Language has the power to influence our perception of the world. Psycholinguist Dr. Sayaka Sato from the University of Fribourg explains how grammatical gender (“le, la” or “der, die, das”) influences our worldview and how we can use inclusive language to make people believe in themselves when choosing a profession.
fortytwomagazine: Dr. Sato, how does grammatical gender, such as “le”, “la” in French, affect our worldview?
Dr. Sayaka Sato: In our research we see that linguistical or grammatical markers influence how we unconsciously perceive visual information.
We studied both English native speakers who don’t speak any other languages and French-English bilingual speakers in an English context. They were presented with pictures of objects that are stereotypically related to either women or men. For example a necktie or a necklace. They looked at one of the pictures, and afterwards they were shown an androgynous face alongside a female and male trait word (e.g., “charming” vs. “realistic”). The participants then had to decide which word best described the face.
In theory, they don’t have to make any connections with the object seen before but bilinguals are very much influenced by the grammatical gender of the object they’ve seen. For example necktie is feminine in French “la cravate”, whereas necklace is masculine “le collier”. English monolingual speakers – our research findings show – seem to be influenced by the gender stereotype associated with the object.
42: Apart from grammatical gender, we also find different linguistic forms that express gender in certain professions or lines of business.
Sato: Yes, we’ve conducted many studies on how we talk about certain groups of people in grammatical gender languages, for instance in French. Nurses might be usually or stereotypically associated with being pursued predominantly by women. But even if you have 100 nurses, if there is only one male we would still refer to them using the masculine form, that is “100 infirmiers” instead of “100 infirmières”. It’s a grammatical rule in French, but we found the mental representation is much more dominant towards the male gender, the moment we start using the masculine form to refer to a group of people. Even if the stereotype is very much associated with the female gender.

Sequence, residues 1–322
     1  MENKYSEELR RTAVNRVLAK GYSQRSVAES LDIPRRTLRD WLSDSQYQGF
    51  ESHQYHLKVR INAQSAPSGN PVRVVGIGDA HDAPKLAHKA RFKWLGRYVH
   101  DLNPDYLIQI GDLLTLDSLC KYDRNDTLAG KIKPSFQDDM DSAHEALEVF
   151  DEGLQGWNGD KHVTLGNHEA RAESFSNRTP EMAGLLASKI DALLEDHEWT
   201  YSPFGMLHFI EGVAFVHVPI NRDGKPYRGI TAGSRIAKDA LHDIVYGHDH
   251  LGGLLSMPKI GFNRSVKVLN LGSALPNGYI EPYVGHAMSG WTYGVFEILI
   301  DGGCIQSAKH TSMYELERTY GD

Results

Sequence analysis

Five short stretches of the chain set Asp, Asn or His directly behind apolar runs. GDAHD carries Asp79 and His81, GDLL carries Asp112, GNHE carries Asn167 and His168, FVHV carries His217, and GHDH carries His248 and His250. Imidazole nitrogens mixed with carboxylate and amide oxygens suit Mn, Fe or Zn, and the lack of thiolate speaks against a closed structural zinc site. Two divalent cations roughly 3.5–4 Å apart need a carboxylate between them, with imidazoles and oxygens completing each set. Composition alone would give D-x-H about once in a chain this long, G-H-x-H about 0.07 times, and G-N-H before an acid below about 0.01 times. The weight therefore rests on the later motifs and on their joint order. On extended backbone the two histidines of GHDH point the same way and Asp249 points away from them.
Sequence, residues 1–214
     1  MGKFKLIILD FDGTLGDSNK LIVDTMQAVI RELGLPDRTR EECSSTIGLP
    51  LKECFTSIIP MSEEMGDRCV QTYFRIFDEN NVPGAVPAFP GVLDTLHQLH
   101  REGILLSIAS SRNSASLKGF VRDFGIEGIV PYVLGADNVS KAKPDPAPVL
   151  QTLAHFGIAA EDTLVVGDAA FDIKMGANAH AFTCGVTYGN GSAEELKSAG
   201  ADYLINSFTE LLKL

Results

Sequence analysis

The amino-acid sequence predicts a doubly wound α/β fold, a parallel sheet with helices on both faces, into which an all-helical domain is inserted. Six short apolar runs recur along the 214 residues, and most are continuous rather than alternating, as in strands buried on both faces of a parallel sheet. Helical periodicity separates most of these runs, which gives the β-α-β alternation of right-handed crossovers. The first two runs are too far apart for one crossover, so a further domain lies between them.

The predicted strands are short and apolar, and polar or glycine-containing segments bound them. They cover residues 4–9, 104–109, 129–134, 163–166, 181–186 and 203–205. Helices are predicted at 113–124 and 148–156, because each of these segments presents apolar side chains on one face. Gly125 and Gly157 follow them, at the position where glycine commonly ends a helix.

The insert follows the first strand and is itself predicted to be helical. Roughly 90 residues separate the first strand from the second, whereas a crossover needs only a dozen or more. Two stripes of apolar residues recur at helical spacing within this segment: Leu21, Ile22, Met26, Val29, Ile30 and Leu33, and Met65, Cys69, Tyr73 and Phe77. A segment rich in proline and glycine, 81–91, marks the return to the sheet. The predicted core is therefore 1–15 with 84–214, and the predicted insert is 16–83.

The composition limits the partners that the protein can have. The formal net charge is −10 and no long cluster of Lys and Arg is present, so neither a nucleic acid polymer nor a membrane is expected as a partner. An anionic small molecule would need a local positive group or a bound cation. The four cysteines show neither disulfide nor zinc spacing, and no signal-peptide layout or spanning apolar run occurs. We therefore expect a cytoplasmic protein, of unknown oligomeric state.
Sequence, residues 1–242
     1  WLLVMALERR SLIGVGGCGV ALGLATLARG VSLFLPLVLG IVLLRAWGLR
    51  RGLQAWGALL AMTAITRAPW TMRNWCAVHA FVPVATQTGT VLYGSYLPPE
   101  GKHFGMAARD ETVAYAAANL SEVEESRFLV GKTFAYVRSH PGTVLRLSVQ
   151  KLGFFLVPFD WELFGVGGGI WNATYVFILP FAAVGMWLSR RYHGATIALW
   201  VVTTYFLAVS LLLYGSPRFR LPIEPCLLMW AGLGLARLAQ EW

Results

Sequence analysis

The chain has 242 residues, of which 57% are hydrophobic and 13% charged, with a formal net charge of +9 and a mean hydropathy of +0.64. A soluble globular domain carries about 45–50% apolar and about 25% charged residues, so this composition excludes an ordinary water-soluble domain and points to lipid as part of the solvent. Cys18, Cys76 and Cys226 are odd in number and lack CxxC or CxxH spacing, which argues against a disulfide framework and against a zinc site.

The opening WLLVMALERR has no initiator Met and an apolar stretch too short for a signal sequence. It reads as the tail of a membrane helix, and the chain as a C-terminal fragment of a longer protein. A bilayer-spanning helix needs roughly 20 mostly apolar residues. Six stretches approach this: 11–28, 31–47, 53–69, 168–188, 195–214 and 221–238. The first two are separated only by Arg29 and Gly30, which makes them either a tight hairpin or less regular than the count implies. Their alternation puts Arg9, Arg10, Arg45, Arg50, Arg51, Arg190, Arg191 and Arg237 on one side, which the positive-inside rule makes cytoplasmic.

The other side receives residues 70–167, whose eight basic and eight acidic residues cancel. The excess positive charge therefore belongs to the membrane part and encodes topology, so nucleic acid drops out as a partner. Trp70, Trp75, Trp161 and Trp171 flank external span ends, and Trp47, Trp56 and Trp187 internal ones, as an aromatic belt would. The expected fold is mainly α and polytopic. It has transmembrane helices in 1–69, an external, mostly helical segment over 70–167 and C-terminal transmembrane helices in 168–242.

If we were to have a job description, using the male form to talk about the open position for nurses, this male representation actually starts to dominate in our perception.
42: But since it’s a grammatical rule, everybody should know that they’re also included when such terms are used, shouldn’t they?
Sato: There are studies showing that children and especially girls, who witness that we use the masculine form to refer to certain jobs, are less interested in these professions. They can’t picture themselves in this job role. So it really pushes the stereotype even at such a young age.
42: What happens when you use the feminine form?
Sato: When we start to incorporate the feminine form – so instead of saying “mécanicien” only in the masculine form, using “mécanicienne” – we find that girls and even adult women are much more likely to feel that they can succeed in a job labelled in this manner.
42: Then using inclusive language has a big impact.
Sato: Absolutely. In the past 20 years we’ve seen the number of scientific studies increase that show using inclusive language explicitly does change how we see the world and how children perceive their future.
42: What about monolingual speakers who don’t rely upon grammatical gender?
Sato: Speakers of languages without grammatical gender, like English, aren’t influenced by grammatical markers, but rather by how the world (and social roles) are constructed. So if you were to talk about nurses and there is no masculine generic form, they’ll only rely on their knowledge. In this case: nurses are women. The battle is a little bit different here.
42: Can the inclusive use of grammatical gender language counteract the stereotypical system that is in place? For example, in German or French you may include and motivate girls or women to apply to jobs that are perceived as typically masculine using inclusive language?
Sato: Speakers of grammatical gender languages are influenced by their world knowledge as well. But they have the second element of grammatical gender information, so it’s actually much more complex.
But the issue of gender in general is just a very complex one in every sense. For instance, if we take non-binary groups, the discussion becomes even more profound, but there’s always a better way, at least linguistically, to approach the topic. For speakers of grammatical gender languages, it’s really important to use inclusive forms, where both boys and girls and non-binary children can feel like they can be part of any (job) group. If we start using more inclusive forms, there’s going to be a change. So there’s much hope for what we can do.
Interview by Ella Steiner
About Dr. Sayaka Sato
Dr. Sayaka Sato is a senior researcher at the Department of Psychology of the University of Fribourg. For her research she conducts psycholinguistics experiments and investigates how linguistic information, especially grammatical gender categories, influences our perception and categorization.